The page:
Your new album Radiosurgery is due October 4th, it seems like you guys are your pop-punk roots on this record. What else can you tell us about the album?
We basically tried to musically like bridge a gap, that’s what Chad, our guitar player says. Bridge a gap in this new podern pop-punk, if you want to call it. We’re going back to some of the records we grew up on like Green Day’s “Dookie” and “Kerplunk” and even the Ramones, The Descendents and bands like that. We put elements of that king of music and make differences. We’re trying to bridge a gap so people can see where the music came from. Sonically, that’s what the record is about. Lyrically, it’s about relationships and dealing with relationships, that’s what we do best.
What was the recording process like?
This time around, it’s been a lot more fun I think. That’s mainly due to fact that we worked with Neal Avron again. He did three of our previous records, our self-titled record, Sticks & Stones and Catalyst. Those are actually commercial successes. Neil’s like the sixth member of New Found Glory, it’s really easy for us to work with him, Neil can say what he really feels and really gives us his opinions.
Was there any pressure at all on this record?
there was pressure but I don’t think there was more pressure than in the past. It was more relaxed because we were working with Neil and the whole environment. It’s out second record on Epitatph so we’re working with the same people. We try not to put that much pressure on ourselves when we’re writing a record, we just write about our lives. We write music we enjoy playing.
What are some stage antics you guys get up to on tour?
It all depends on the tour that we’re on. A lot of the times, we tour with bands that we’re friends with so that we’ll have fun on and off stage. Let’s say when we’re off stage before and after a show, there’s a lot of random trying to find restaurants that we all love. Some of the kids at the shows will know where to go after a show. Sometimes we play pranks on the bands on tour. Set Your Goals are going to be on the Pop Punk’s Not Dead Tour. We’ve toured with them in the past and we’ve done things like throw smoke bombs on stage while they played. Sometimes jokes, sometimes we hang out, a lot of good times.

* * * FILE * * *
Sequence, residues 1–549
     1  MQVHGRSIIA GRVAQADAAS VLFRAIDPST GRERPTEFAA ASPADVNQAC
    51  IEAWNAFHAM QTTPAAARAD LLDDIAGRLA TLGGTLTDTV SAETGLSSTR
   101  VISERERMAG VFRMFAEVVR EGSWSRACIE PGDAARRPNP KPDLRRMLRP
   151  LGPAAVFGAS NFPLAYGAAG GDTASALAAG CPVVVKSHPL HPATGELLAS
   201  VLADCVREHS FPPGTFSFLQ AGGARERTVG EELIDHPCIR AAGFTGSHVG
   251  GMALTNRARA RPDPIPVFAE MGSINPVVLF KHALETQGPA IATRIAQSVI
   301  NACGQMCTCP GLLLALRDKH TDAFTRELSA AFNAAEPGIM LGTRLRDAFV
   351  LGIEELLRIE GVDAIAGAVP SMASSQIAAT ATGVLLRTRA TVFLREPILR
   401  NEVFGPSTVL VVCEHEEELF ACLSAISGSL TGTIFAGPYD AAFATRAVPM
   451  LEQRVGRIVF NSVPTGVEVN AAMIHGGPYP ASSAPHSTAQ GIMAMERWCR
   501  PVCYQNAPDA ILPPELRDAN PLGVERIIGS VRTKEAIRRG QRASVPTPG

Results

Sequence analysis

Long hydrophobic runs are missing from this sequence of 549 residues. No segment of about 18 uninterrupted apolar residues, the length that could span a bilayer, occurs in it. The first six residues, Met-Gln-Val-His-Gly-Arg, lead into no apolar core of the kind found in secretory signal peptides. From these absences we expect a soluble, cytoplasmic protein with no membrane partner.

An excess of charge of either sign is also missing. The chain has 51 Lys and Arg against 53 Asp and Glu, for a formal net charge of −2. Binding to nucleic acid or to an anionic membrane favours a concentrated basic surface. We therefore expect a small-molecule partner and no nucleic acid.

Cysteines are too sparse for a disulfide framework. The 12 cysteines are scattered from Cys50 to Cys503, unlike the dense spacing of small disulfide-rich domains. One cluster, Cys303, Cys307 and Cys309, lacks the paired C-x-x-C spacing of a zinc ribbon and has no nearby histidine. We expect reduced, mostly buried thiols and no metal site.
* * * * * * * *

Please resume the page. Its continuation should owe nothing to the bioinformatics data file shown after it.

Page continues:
You guys filmed the music video for “Radiosurgery” at the Linda Vinda Community Hospital where Nightmare on Elm Street was filmed. What was that like?
Oh yeah, I didn’t get that because not many people even know what the name of the hospital is, it’s just the hospital. It’s a really famous place to shoot anything like videos or movies. The funny thing is, our video is not related to surgery or any of that kind of stuff. We used that hospital because there were a lot of halls and corridors. The hallway that we used to shoot our video was made out to look like a hotel room even though it was clearly a hallway. The video for ‘’Radiosurgery’’ was really fun for us because we had a lot of our friends there. There’s a whole bunch of things going on in the background while we play our song and we don’t really notice what is going on. It has a lot to do with an old video by The Ramones, ‘’I Wanna be Sedated’’. There’s a similar concept. It was a really fun video also because the hospital is known to be haunted. I went down with a few of my friends to the boiler room and I swear I heard weird noises.
What’s the weirdest thing you’ve ever eaten on tour?
That was in Japan, like a year and a half ago. I had raw horse meat, like sashimi. It was white, I’m not going to say that it was amazing but it wasn’t that bad, the sauce was really good but that was really random.
Growing up, what did you want to be? Have you always known you wanted to be a musician?
No, I didn’t think I was going to be a musician. I was 13 or 14 when I started playing guitar and getting into bands, I didn’t think I was going to be in a big band or anything but I knew that music is going to be a big part of my life. I was infatuated with everything music. When all of us started this band, our goal was to get this music out to as many people as we could. It wasn’t like ‘’hey, we’re going to sell this many records.’’ or ‘’hey, we’re going to tour here.’’ or any of that kind of stuff. It’s been pretty crazy because we’ve gone way past what we ever expected, like right here, I’m talking to you and you’re in another country. I never thought I would reach outside of Florida let alone the US and Canada and now most of the world know who we are.
Do you remember the smallest crowd you’ve ever played to?
I don’t want to say there were zero people but technically there were two people there. This was in 1998. We were on tour in the US and it was in Pennsylvania. There were these two girls who booked a show with us and a couple of other bands. We drove there early in the day and there was nobody there, that’s fine and then the two girls who booked the show showed up. One of the bands were naked and next thing you know, there was nobody else filling this place.
What does the future look like for New Found Glory?
We just do the same things over and over. We put out a record then we go on the road and promote them, it takes a year or two to do that and then we repeat the process. Unfortunately right now, I don’t know the specific plan for Canada but it’s not that far away from us, obviously. There are plenty of countries that we’re excited to go to and are excited to see us.